Andrew Rowell over at ID in the UK has done a very good job of exposing the problems with having methodological naturalism as the exclusive methodology for the natural sciences:
The faith of the methodological naturalist.
The basic articles of faith for a methodological naturalist go something like this:
We have found excellent naturalistic explanations for many phenomenon in nature.
we believe every phenomenon in nature will have a naturalistic explanation.
we make it a strict rule that science is exclusively the study of possible naturalistic explanations for what can be observed in the universe.
Science is not the search for the truth about the origin, operation and destiny of the universe it is limited exclusively to purely naturalistic explanations of the origin, operation and destiny of the universe.
The methodological naturalist will choose a naturalistic explanation over a meta-nature explanation to be taught as the truth in science lessons even if it is not actually true.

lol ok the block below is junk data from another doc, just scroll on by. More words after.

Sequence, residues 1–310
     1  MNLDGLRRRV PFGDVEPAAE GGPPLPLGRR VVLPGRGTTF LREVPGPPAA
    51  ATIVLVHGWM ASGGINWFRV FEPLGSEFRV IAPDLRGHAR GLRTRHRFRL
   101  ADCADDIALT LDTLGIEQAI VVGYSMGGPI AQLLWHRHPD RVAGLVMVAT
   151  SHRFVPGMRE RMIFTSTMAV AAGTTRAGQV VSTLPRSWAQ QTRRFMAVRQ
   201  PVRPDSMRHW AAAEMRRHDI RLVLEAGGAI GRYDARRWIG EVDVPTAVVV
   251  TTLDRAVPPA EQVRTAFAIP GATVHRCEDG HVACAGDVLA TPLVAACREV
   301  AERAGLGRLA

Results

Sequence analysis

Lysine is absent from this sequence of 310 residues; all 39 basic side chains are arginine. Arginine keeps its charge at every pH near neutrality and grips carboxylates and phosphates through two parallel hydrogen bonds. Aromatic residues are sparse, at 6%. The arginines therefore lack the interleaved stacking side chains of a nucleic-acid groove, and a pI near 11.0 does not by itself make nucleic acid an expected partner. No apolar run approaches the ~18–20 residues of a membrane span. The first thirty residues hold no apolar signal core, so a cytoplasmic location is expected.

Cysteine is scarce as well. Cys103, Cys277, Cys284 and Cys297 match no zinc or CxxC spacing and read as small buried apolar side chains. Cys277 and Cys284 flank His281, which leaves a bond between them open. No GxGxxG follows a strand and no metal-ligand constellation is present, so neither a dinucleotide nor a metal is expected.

Thus for a methodological naturalist it is perfectly reasonable possibility that in science lessons it will become necessary to teach children what is in fact not true and what is in fact known to be untrue for the sake of meeting the methodological naturalism criteria laid out by the grand assembly of the interplanetary science council.
The real truth can only be taught in a new subject called meta-science lessons and it is a perfectly reasonable possibility in the future for the syllabus in these lessons to contradict the science syllabus and for the meta-science lessons to be teaching the truth and the science lessons to be teaching what is known to be wrong.
MN has been a very productive, beneficial methodology for science. It has led to a great deal of knowledge about nature, but the presumption that every natural phenomenon can always be reduced to unintelligent natural processes is not grounded in empirical science. Such an assertion can only be made from a position of faith.